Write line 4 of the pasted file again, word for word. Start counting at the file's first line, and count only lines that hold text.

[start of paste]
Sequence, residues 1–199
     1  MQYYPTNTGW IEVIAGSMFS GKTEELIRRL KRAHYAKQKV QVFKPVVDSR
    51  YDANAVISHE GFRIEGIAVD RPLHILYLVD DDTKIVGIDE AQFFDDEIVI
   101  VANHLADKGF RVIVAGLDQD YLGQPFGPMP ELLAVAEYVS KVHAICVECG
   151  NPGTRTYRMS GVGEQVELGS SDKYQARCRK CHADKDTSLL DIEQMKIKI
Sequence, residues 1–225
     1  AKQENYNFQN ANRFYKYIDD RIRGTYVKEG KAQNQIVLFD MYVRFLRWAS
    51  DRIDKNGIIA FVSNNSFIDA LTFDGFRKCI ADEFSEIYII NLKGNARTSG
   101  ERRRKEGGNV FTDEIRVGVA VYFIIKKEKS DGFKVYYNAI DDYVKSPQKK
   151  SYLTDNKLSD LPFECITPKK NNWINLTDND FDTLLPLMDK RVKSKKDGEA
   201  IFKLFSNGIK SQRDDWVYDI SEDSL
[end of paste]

   101  VANHLADKGF RVIVAGLDQD YLGQPFGPMP ELLAVAEYVS KVHAICVECG